An explanation algorithm has typically three main components: A trained classification model, a set of test data points from the same classification task, and a importance computation procedure that assigns importance to features, pixels, concepts, and so forth. The method either explains an individual data point’s prediction (local explanation), or an entire model, class or sets of examples (global explanation). One example of a local explanation method is the family of saliency map methods simonyan2013deep ; smilkov2017smoothgrad ; sundararajan2017axiomatic . Each pixel in every image is assigned an importance score for the correct prediction of that image typically by using the gradient of prediction with respect to each pixel. TCAV kim2018tcav is an example of a global method. For each class, it determines how important a given concept is for predicting that class.

In what follows, we present ACE . ACE is a global explanation method that explains an entire class in a trained classifier without the need for human supervision.

Figure 1: ACE algorithm (a) A set of images from the same class is given. Each image is segmented with multiple resolutions resulting in a pool of segments all coming from the same class. (b) The activation space of one bottleneck layer of a state-of-the-art CNN classifier is used as a similarity space. After resizing each segment to the standard input size of the model, similar segments are clustered in the activation space and outliers are removed to increase coherency of clusters. (d) For each concept, its TCAV importance score is computed given its examples segments.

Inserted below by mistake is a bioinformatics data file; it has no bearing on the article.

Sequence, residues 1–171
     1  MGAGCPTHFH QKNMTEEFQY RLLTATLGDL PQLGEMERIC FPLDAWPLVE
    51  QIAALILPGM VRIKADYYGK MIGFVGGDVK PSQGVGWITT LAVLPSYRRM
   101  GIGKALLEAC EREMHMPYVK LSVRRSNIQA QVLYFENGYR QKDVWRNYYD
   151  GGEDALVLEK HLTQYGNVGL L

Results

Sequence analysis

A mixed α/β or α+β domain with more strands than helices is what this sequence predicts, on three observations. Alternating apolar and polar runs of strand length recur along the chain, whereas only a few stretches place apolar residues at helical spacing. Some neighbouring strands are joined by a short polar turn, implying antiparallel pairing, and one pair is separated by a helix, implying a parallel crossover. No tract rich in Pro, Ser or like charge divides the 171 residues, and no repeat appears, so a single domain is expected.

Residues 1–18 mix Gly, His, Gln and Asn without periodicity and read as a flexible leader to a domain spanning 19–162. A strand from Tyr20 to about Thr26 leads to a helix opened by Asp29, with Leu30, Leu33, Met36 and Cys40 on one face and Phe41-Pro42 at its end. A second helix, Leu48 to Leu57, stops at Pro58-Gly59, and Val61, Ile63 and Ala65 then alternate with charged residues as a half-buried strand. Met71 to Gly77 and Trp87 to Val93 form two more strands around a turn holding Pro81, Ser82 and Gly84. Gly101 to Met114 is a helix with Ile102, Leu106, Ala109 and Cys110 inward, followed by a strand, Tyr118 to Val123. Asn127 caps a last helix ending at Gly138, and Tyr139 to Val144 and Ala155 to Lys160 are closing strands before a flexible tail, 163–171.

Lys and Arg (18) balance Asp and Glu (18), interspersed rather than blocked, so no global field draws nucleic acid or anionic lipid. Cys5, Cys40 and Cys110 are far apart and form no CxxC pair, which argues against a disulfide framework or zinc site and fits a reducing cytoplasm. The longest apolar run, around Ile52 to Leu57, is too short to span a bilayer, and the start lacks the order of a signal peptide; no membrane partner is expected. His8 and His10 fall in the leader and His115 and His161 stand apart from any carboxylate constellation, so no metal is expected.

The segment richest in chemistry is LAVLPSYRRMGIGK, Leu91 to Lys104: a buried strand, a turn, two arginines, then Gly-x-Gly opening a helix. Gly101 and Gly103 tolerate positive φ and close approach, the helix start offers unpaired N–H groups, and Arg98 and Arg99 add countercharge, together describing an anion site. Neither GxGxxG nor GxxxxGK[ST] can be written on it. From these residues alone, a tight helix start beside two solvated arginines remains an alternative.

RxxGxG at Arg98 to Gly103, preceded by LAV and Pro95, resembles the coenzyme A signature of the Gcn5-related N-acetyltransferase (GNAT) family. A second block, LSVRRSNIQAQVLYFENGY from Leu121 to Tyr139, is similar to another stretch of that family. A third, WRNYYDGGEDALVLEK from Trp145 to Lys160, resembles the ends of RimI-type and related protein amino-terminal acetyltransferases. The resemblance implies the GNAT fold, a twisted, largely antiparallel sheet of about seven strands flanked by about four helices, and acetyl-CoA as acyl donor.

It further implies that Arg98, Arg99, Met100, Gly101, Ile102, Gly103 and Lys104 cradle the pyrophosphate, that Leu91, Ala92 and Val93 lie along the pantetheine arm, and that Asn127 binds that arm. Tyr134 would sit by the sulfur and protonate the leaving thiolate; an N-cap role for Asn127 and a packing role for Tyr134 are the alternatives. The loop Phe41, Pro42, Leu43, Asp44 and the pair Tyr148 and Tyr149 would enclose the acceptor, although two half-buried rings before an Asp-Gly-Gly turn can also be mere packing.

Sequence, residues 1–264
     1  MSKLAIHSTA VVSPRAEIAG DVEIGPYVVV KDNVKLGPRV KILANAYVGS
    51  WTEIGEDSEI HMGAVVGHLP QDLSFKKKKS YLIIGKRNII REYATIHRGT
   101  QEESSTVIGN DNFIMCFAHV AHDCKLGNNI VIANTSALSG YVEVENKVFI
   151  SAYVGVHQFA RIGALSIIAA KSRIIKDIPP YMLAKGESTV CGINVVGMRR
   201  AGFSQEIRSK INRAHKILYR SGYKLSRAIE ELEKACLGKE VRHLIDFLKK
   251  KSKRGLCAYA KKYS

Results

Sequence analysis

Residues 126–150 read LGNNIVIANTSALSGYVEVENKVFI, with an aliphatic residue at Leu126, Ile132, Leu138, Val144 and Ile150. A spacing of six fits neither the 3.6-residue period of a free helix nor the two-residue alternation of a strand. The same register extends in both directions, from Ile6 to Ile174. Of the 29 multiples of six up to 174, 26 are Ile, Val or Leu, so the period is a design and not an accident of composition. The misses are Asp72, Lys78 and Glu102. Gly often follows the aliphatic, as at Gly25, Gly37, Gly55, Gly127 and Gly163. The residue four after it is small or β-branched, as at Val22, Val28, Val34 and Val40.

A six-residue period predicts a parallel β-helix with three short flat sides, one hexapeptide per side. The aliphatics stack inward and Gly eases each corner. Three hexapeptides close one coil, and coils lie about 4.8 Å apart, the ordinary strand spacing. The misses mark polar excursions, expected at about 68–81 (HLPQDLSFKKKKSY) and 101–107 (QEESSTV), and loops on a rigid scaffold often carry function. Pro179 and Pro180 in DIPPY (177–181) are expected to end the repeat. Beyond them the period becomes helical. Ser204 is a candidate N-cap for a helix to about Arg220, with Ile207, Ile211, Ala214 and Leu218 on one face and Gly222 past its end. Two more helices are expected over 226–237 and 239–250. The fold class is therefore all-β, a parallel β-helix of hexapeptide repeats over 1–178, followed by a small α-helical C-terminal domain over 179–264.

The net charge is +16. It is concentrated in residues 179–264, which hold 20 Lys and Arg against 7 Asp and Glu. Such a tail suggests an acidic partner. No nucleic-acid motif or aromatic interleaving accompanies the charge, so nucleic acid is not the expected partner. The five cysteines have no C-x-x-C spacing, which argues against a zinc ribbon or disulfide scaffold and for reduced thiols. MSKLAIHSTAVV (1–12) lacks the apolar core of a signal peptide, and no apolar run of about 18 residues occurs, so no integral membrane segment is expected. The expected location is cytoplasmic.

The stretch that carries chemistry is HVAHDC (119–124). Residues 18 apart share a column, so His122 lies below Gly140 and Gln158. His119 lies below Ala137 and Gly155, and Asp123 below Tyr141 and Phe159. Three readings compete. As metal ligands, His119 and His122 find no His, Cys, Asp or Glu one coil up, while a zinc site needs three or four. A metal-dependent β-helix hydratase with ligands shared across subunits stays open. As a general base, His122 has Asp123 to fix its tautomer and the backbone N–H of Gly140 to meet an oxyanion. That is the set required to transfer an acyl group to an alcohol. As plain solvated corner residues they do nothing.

Automated concept-based explanations step-by-step

ACE takes a trained classifier and a set of images of a class as input. It then extracts concepts present in that class and returns each concept’s importance. In image data, concepts are present in the form of groups of pixels (segments). To extract all concepts of a class, the first step of ACE (Fig 1(a) starts with segmentation of the given class images. To capture the complete hierarchy of concepts from simple fine-grained ones like textures and colors to more complex and coarse-grained ones such as parts and objects, each image is segmented with multiple resolutions. In our experiments, we used three different levels of resolution to capture three levels of texture, object parts, and objects. As discussed in Section 4, three levels of segmentation is enough to achieve the goal.

The second step of ACE (Fig 1(b)) groups similar segments as examples of the same concept. To measure the similarity of segments, we use the result of previous work zhang2018unreasonable showing that in state-of-the art convolutional neural networks (CNNs) trained on large-scale data sets like ImageNet russakovsky2015ImageNet , the euclidean distance in the activation space of final layers is an effective perceptual similarity metric. Each segment is then passed through the CNN to be mapped to the activation space. Similar to the argument made by Dabkowski & Gal dabkowski2017real , as most image classifiers accept images of a standard size while the segments have arbitrary size, we resize the segment to the required size disregarding aspect ratio. As the results in Section 4 suggest, this works fine in practice but it should be mentioned that the proposed similarity measure works the best with classifiers robust to scale and aspect ratio. After the mapping is performed, using the euclidean distance between segments, we cluster similar segments as examples of the same concept. To preserve concept coherency, outlier segments of each cluster that have low similarity to cluster’s segments are removed (Fig. 1(b)).